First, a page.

18 July 2015 | gcube1942
Amazing camera-work and location filming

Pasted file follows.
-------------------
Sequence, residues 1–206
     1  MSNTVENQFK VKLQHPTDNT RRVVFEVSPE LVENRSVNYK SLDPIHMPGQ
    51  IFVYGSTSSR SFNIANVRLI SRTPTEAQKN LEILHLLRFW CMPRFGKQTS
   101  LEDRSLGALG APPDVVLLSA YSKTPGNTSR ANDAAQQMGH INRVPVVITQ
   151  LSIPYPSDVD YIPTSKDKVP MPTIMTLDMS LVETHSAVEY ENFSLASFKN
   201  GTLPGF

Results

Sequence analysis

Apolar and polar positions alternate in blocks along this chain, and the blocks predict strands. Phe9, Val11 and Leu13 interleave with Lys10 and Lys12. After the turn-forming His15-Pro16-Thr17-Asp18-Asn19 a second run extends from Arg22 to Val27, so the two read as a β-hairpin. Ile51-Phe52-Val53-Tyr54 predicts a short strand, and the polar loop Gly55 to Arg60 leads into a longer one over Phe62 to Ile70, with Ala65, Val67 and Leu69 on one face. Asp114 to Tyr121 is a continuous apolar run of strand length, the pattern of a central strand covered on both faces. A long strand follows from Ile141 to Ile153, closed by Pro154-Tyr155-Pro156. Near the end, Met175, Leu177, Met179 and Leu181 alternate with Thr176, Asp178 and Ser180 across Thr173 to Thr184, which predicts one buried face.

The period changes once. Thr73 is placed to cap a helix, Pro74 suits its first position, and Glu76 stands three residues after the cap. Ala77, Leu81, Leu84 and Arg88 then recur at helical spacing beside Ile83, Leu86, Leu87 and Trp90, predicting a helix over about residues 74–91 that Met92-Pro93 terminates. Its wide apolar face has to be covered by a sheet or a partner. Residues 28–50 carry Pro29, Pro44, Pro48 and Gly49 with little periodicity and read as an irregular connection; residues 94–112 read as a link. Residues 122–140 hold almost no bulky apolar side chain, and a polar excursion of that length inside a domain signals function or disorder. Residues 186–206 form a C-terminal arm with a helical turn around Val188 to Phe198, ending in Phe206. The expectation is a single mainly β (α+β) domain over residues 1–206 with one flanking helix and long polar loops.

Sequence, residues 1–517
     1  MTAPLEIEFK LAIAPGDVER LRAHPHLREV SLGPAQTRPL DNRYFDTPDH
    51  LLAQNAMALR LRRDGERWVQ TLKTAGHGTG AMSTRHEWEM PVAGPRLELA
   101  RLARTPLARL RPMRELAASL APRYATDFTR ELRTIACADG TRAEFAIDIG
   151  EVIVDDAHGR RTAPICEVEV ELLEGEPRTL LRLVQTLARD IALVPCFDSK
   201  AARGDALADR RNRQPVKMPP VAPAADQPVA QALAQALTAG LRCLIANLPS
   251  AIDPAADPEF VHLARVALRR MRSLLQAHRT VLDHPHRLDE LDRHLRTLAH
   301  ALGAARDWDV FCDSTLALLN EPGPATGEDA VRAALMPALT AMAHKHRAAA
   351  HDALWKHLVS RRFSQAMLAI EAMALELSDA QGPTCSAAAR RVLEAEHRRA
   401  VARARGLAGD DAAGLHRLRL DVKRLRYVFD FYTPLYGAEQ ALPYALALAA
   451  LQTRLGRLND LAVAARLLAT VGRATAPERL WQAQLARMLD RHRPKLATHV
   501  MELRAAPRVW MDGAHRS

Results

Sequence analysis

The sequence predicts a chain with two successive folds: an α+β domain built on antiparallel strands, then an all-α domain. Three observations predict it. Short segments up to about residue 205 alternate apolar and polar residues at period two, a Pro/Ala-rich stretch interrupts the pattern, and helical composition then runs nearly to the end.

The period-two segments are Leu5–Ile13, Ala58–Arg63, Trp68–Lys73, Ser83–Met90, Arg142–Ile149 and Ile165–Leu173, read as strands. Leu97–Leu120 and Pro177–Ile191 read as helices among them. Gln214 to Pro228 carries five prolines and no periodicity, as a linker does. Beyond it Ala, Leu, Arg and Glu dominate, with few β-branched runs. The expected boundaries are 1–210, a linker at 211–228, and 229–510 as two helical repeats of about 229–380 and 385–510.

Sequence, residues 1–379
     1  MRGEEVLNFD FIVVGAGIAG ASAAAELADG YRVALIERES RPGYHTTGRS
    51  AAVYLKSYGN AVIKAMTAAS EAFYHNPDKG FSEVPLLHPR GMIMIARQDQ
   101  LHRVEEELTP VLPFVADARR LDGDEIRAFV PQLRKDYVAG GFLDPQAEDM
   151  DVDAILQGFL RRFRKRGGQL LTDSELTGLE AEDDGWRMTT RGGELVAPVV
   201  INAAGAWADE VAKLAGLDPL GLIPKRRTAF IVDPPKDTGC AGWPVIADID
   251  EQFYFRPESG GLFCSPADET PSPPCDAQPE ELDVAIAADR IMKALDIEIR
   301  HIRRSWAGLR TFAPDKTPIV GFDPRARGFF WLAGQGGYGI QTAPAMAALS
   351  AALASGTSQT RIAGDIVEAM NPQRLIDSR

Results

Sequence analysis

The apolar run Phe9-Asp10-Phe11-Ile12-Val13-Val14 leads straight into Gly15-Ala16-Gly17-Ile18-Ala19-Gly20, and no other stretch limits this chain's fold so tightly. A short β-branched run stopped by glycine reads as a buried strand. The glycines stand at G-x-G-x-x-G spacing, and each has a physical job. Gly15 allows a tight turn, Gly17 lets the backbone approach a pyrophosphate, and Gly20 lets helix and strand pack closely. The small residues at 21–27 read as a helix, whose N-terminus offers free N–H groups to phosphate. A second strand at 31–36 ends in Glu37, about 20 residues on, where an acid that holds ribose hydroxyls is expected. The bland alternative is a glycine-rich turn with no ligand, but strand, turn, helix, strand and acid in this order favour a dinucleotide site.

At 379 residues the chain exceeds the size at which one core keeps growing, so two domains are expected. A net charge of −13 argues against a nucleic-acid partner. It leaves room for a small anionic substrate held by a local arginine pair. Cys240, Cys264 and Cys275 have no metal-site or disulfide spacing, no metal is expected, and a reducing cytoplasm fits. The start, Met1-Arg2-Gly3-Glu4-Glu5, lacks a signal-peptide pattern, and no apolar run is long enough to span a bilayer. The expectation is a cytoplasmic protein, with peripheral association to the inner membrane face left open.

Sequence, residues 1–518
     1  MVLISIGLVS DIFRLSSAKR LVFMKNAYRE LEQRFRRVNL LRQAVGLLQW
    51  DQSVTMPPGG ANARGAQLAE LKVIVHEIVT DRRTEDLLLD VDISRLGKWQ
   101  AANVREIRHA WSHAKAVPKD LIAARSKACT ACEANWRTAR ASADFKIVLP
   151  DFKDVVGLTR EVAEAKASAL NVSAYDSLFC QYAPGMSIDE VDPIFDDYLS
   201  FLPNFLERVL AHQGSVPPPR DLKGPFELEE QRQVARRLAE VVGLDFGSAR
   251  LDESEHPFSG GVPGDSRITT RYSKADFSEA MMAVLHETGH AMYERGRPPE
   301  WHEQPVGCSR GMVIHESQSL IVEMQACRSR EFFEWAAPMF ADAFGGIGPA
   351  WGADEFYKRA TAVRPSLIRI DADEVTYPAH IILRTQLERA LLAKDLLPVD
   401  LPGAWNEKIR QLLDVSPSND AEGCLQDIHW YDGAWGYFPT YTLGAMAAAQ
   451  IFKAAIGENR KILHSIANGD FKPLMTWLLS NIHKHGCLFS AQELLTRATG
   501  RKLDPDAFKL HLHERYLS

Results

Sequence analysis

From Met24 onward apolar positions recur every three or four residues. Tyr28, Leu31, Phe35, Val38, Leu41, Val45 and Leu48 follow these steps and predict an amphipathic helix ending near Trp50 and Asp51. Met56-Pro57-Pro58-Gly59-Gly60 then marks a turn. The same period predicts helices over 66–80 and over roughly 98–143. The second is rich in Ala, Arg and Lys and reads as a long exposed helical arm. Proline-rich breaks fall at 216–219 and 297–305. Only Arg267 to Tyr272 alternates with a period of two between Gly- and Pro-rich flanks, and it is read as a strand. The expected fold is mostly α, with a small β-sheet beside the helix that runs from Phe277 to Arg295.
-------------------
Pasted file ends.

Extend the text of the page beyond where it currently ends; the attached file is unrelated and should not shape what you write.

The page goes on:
I would like to call the attention of viewers of this fine film to the unusual use of camera movement. In most B westerns of the 1930s the camera was very static except in chase scenes. Not so here. As a for instance, note the scene where George O'Brien rides into town - the camera picks him up and is pulled backward around a corner and then pans to catch his dismount. Not easy to execute but fun to watch. There seems to have been an informal "contest" in the 1931 - 1932 time frame to break away from cameras nailed to the ground and get them moving. Many examples exist but few were done in this type of film. Although some outdoor shots are obviously Southern California, many more were made closer to the scene of the original book, Utah. No buttes and mesas in SoCal! The themes addressed in this film are enjoyably adult and the ending thankfully avoids the cliché of the hero kissing his horse and riding off into the sunset.